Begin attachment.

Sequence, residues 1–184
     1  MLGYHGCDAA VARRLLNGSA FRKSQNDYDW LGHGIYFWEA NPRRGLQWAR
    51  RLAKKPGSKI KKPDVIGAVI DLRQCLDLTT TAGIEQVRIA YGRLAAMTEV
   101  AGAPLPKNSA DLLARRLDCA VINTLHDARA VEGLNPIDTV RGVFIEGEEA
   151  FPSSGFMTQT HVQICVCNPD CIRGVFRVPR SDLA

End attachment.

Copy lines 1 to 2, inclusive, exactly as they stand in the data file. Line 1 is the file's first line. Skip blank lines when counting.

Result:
Sequence, residues 1–184
     1  MLGYHGCDAA VARRLLNGSA FRKSQNDYDW LGHGIYFWEA NPRRGLQWAR